Mike Nowaczyk, Vice President of Operations, for SMC Ltd., was a part of the staff written article, “Not All Contract Manufacturers Are Created Equal.” He took time to present a full array of responses that were not able to be included in the article, so they are presented here.

Q: What are the primary reasons an OEM will seek out a contract manufacturer?
Nowaczyk: There are several reason why an OEM would seek out a contract manufacturer:

  • When the OEM doesn’t have the technology available to build it internally
  • When they are out of capacity with their own equipment or with personnel
  • An OEM may be looking for a lower cost solution, or to get to market faster

We have seen all of these scenarios with the Medical OEMs we work with.

Q: How do medical device contract manufacturers stand out from their competition?
Nowaczyk: Companies stand out in this industry by providing outstanding service levels, having a good value proposition, offering low cost alternatives within and outside U.S., providing quick time-to-market solutions, having superior supply chain management with robust systems in place for managing third tier suppliers, and ultimately making the commitments they promised. Of course, having a depth of resources, both personnel and equipment that can help the OEM achieve their overall manufacturing objectives. In my opinion, the best way to really stand out from the competition is to have an outstanding reputation in the marketplace.

Q: Are there still concerns from the OEM regarding IP when working with a contract manufacturer?
Nowaczyk: This is a good question to ask if OEMs are using outside U.S. contract manufacturing. With certain countries, I believe the IP question remains a huge concern for OEMs. However since SMC’s facilities, even international locations, are all U.S. based and owned, we haven’t seen this as a concern with the OEMs we work with. Of course Non-Disclosure Agreements (NDA) are one way to help protect the IP and another is a no-show practice when touring facilities so others (clients) cannot see what is being done.

Q: How has the OEM/CM relationship changed in the medical device manufacturing industry over the past five to ten years?
Nowaczyk: More outsourcing is being done inclusive of complete devices, which demands that the contract manufacturer having strong FDA compliance knowledge. This is what the customer has come to expect and they depend on the contract manufacturer to provide consistent highly reliable products that are in compliance. In some cases, they are also looking for their contract manufacturer to manage sterilization service and provide distribution to their customers.

Q: What misconception do OEMs have in working with a contract manufacturer?
Nowaczyk: That every request outside of producing product will be met without a service charge. That the contract manufacturer has design related experience when it comes to knowing and meeting the user needs of their finished device. Or that the contract manufacturer will be able to deliver to unforeseen market forecasts.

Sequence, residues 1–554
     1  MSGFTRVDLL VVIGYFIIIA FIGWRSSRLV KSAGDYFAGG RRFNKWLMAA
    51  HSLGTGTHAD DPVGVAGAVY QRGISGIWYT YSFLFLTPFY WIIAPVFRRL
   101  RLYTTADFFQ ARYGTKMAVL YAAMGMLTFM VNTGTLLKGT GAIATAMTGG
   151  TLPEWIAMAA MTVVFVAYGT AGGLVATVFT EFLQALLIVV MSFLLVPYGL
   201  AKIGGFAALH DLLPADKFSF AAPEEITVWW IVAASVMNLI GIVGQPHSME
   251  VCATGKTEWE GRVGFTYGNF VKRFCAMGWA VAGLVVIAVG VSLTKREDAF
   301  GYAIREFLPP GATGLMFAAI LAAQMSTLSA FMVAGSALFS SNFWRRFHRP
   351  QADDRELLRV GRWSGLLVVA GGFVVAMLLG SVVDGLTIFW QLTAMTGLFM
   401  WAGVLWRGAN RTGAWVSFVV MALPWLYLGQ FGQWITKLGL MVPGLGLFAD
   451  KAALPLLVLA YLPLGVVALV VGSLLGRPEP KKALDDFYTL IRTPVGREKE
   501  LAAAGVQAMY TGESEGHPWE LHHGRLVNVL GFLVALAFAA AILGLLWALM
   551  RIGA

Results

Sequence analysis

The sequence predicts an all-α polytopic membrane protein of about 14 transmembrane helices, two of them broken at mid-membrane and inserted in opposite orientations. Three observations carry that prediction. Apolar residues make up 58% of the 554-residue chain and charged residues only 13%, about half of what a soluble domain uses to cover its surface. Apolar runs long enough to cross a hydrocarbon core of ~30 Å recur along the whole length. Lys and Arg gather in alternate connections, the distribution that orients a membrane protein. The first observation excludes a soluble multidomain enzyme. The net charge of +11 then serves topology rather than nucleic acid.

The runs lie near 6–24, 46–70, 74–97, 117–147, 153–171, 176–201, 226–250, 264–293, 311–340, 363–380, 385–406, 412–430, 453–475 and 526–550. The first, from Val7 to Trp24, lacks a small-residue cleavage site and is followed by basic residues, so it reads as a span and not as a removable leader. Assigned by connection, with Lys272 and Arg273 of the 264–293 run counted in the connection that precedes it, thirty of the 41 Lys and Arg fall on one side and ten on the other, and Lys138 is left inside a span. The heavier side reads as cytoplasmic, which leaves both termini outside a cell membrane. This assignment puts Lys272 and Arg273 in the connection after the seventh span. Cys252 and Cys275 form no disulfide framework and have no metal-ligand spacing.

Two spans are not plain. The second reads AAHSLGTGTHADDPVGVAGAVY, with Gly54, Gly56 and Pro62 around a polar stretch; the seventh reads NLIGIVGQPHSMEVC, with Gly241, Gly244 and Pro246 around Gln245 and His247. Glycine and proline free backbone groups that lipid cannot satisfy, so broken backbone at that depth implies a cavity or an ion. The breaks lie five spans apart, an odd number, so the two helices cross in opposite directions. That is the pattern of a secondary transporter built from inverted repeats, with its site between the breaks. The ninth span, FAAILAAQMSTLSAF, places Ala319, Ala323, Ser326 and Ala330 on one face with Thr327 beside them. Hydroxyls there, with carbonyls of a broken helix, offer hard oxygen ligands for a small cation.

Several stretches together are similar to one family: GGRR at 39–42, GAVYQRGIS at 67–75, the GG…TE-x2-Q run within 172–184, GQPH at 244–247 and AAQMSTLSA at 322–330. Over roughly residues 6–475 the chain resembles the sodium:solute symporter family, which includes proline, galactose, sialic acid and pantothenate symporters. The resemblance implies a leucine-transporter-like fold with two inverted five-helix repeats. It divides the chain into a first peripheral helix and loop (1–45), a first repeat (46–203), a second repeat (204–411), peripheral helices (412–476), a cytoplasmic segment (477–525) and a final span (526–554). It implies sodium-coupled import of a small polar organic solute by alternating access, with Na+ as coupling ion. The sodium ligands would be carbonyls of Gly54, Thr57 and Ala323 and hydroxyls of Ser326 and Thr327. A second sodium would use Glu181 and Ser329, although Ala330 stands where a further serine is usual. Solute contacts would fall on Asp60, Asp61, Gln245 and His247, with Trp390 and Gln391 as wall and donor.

Q: How do you ensure clear lines of communication with a partner OEM?
Nowaczyk: Setting expectations for both sides up-front and appointing a point person on each end to work together on projects during the development stage goes a long way in establishing strong communications from the start. Also by having face-to-face relationships at various levels within both organizations ensures that all levels are expectations are being communicated. Depending on their roles, each person at the customer will expect something different than the other. That's why it's so important at all levels and functions to know the customer and set expectations up-front, and calibrate often to ensure that both are being satisfied.

Q: How do you earn the trust of an OEM who has been “burned” by another contract manufacturer?
Nowaczyk: Open discussion of expectations on both sides, frequent communication, and addressing any issues quickly will help to build trust. Of course the ultimate trust builder is delivering on commitments and consistently walking the talk of what you showed and promised.

Q: How can a contract manufacturer be a valuable ally when it comes to the validation process for a medical device.
Nowaczyk: To be valued as an ally in validation, you must first be knowledgeable in understanding what process needs to be validated and what process parameters need to be part of the validation. Having robust validations that prevent variation of the product to the customer, and managing the process consistently through standard work ensures that the product will always meet the validated process. This will be a great benefit so the customer can always defend audits from the regulatory bodies.